1. Salvation for the dead is Bible doctrine. This is perfectly clear to all of us now that we have received latter-day revelation. We now know what Jesus meant when he said, “The hour is coming, and now is, when the dead shall hear the voice of the Son of God: and they that hear shall live” (John 5:25), and the true meaning of his statement to the thief on the cross: “To day shalt thou be with me in paradise” (Luke 23:43). We can now understand Peter’s statements about our Lord’s ministry in the spirit world, where he preached the gospel while his body lay in the Arimathean’s tomb. (1 Pet. 3:18–20,1 Pet. 4:6.) Paul’s statement about baptism for the dead now makes sense (1 Cor. 15:29), as do Isaiah’s and Zechariah’s statements about freeing the prisoners in the pit (Isa. 42:7, Isa. 49:9, Isa. 61:1, Zech. 9:11) and Obadiah’s prophecy about saviors who “shall come up on mount Zion” (Obad. 1:21). Even Malachi’s enigmatic promise that Elijah would come before the great and dreadful day of the Lord to “turn the heart of the fathers to the children, and the heart of the children to their fathers,” lest the Lord come “and smite the earth with a curse” (Mal. 4:5–6)—even this takes on sense and meaning because the doctrine of salvation for the dead has been set out for us in plainness in latter-day revelation.

But in the beginning days of our era, we need not suppose that Joseph Smith understood these passages any more than the sectarian world does today. For that matter we have every reason to believe that he did not so much as know of their existence until the Lord began the schooling process that was to make him, before his death, one of the greatest prophets and most exalted seers ever to grace the face of this lowly planet. In spite of the biblical passages, only some of which we have noted, it is clear that neither young Joseph nor any of the professors of religion who held sway in his day had even the slightest glimmering of knowledge about this merciful and equitable doctrine until He whose doctrine it is began the modern-day revelatory processes.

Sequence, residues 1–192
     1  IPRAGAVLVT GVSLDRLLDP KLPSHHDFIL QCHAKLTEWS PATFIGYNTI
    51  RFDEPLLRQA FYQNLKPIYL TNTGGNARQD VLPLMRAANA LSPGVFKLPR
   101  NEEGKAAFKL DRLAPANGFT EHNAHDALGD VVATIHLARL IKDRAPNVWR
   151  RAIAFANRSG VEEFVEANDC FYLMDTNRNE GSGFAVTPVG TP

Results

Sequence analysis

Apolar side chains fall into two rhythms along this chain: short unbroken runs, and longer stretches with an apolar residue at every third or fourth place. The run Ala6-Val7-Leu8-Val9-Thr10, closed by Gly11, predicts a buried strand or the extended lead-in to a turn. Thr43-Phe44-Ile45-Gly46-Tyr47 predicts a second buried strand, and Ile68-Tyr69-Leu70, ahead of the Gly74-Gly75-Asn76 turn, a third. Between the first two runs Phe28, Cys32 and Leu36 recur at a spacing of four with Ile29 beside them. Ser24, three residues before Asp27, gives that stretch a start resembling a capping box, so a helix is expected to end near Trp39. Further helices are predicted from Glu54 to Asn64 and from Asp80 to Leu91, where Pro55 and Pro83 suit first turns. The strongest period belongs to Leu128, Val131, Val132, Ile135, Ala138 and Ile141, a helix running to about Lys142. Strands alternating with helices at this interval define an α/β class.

2. Moroni begins the latter-day revelation of the doctrine of salvation for the dead. When Mormon’s son came to the first Latter-day Saint of modern times on that memorable night in September 1823, he revised and perfected the promise about the latter-day coming of Elijah.

Malachi’s promise that the Lord would send Elijah before the second coming was restated to say, “Behold, I will reveal unto you the Priesthood, by the hand of Elijah the prophet, before the coming of the great and dreadful day of the Lord.” The scriptural assurance that Elijah would turn the hearts of the fathers and the children to each other, lest the earth be smitten with a curse, was revised to read, “And he shall plant in the hearts of the children the promises made to the fathers, and the hearts of the children shall turn to their fathers. If it were not so, the whole earth would be utterly wasted at his coming.” (JS—H 1:38–39.)

These altered renditions of holy writ were destined to mean a great deal to Joseph Smith in due course. But in his then relatively untutored spiritual state we cannot suppose that their full significance would burst upon him. It is doubtful that, at this early date, this chosen youth would have even associated them with such things as Isaiah’s promises that the prisoners should go free. And, for that matter, although there were biblical allusions to them, the full account of the very promises themselves which were made to the fathers was yet to be revealed.